"About half of the girls experienced their first period before 12, and boys of the same age began to grow facial hair. But previously 14 was the usual age, a fact widely recognized by the medical profession," Yan Chunmei, deputy head of the puberty outpatient section of Beijing Children's Hospital, said in 2009.
Many parents said they don't hold overly conservative attitudes to puppy love because they are unwilling to overplay or overemphasize things that are part of the normal process of growing up. However, many said that they are disturbed by the public intimacy.
"It's common to see teenagers feeding each other ice cream or a girl sitting on a boy's lap when waiting for a bus," said a mother of a 14-year-old girl in Nanjing, Jiangsu province, who gave her name as Zhang. "I tell my daughter to avoid physical contact when she's alone with boys."
But sometimes the children's tricks are hard to detect. Many students said their classmates have borrowed identity cards from older kids to go to hotels. ID cards are required as part of the checking in procedure, but most people don't receive them until they are 16.
Wei refused to say if he has been to hotels with his girlfriend, but said his boarding school is near a college district, which has plenty of karaoke bars and hotels. "I believe that's the main reason my parents refused to apply for my ID card in advance," he said.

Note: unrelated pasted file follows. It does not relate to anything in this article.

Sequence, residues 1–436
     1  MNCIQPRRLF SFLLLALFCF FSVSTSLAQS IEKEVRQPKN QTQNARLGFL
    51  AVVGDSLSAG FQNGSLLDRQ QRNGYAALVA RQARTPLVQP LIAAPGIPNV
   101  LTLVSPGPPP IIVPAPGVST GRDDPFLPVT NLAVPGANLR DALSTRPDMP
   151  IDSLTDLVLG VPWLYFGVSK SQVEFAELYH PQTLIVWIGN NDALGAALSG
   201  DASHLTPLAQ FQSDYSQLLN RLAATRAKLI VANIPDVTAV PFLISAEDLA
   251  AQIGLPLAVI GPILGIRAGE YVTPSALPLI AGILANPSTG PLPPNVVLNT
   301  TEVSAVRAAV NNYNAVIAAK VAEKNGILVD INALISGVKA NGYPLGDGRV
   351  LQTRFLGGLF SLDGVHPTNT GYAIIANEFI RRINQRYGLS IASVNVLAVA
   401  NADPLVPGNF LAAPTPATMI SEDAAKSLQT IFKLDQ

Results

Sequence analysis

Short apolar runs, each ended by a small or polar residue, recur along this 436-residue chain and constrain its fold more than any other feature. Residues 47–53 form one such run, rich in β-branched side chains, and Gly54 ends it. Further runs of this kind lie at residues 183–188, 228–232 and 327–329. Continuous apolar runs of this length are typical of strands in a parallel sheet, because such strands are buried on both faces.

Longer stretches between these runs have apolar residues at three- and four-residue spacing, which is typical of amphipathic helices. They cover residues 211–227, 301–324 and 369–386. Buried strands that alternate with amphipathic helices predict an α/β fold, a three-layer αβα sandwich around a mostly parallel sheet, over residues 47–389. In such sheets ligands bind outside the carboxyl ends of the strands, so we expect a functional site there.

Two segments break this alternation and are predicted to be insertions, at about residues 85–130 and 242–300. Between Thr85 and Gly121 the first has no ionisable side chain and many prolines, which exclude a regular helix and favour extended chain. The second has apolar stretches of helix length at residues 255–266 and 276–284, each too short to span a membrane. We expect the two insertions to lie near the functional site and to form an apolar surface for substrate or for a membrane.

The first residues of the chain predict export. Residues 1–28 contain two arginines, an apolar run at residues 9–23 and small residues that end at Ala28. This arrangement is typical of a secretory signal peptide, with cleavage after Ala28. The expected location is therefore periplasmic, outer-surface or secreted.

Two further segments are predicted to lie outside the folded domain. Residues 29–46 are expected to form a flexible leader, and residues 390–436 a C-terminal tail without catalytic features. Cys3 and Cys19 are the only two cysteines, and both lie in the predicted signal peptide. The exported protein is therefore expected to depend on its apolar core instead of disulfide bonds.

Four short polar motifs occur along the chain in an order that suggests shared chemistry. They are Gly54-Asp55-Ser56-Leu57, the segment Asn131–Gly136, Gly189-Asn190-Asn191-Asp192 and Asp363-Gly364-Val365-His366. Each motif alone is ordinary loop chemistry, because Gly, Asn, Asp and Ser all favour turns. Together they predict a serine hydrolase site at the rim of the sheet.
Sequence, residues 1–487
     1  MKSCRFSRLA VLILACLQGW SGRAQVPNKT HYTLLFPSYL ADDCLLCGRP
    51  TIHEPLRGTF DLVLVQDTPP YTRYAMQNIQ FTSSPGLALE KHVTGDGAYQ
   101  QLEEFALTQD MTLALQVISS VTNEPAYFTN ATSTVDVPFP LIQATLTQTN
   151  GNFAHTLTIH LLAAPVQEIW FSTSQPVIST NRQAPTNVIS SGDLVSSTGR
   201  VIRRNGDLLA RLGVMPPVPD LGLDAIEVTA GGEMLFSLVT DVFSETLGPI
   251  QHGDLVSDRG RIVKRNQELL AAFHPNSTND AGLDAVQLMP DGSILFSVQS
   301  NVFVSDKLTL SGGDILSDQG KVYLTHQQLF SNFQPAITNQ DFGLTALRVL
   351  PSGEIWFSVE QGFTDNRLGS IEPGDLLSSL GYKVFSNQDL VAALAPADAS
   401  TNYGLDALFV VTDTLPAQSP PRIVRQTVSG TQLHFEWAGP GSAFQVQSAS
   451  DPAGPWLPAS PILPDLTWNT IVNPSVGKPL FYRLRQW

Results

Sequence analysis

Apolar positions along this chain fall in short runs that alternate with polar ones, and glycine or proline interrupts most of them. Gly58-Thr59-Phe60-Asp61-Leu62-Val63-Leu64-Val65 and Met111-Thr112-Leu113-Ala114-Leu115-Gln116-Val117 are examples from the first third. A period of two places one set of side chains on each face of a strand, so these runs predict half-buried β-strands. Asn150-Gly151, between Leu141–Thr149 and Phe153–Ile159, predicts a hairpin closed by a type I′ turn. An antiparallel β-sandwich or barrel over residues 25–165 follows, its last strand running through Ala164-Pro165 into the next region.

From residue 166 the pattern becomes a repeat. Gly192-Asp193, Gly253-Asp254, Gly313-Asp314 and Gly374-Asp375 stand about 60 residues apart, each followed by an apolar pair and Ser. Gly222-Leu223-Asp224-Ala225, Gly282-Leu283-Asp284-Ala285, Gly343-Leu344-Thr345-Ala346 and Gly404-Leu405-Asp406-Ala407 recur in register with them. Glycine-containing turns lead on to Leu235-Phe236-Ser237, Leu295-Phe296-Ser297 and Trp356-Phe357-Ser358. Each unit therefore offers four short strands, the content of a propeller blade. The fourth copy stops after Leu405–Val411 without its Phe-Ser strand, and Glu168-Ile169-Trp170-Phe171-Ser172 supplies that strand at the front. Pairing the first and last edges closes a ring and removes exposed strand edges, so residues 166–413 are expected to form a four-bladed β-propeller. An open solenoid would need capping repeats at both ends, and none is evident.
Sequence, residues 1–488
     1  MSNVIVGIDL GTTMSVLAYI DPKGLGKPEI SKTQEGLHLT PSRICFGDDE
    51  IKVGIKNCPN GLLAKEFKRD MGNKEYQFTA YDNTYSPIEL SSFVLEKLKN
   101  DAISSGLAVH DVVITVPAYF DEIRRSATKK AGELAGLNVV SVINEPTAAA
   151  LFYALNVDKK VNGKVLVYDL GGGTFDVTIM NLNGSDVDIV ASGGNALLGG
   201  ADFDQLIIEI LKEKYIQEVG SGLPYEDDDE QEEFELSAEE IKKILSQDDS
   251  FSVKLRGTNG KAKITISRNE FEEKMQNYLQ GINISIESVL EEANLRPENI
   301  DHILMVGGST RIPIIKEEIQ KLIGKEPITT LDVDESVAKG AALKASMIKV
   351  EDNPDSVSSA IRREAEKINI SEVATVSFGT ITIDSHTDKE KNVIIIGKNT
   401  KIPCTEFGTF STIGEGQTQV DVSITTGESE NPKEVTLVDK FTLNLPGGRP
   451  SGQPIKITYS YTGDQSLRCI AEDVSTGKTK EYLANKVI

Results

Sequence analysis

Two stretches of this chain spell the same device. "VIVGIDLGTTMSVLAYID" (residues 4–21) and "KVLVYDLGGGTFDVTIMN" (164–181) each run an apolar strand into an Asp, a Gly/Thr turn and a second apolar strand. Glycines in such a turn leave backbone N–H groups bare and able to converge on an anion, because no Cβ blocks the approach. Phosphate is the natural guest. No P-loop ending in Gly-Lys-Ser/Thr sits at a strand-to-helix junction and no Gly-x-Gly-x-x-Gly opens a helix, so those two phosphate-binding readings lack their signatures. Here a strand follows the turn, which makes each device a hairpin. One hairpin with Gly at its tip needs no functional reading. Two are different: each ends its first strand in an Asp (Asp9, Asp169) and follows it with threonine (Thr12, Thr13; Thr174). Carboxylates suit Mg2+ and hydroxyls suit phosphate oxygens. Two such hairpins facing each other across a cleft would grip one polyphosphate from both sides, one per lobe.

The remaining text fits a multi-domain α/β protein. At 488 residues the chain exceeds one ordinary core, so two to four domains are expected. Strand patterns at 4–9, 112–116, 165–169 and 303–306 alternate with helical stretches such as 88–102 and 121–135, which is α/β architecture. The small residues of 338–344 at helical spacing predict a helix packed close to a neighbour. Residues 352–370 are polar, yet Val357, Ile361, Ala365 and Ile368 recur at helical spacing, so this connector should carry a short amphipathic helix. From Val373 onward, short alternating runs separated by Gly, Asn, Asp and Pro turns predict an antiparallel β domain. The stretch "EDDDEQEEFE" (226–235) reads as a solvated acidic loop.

Zhang Wen, a 15-year-old girl from Shanghai, said many of her schoolmates date girls or boys from other schools to avoid the attention of teachers, and that hotel dates are an open secret among their peers.
"Some girls are excited about going to bed with handsome boys," she said. "They usually stay at economy inns for just a few hours because it's expensive to stay overnight and also family rules mean they have to go home."
"Hotels do not cross-check the photo on the ID card with the holder because they are familiar with teenagers' practices," she added.
A 15-year-old girl in Shanghai, surnamed Guan, said minors are following the rage for hotel dates because they think it's an international practice, something they've learned from US TV series.
"The free and open life in Gossip Girl - a US-based teen drama - seems fancy and we yearn for that," she said. "When we see how open they are, we believe that we behave too conservatively. We should learn from the West," she added.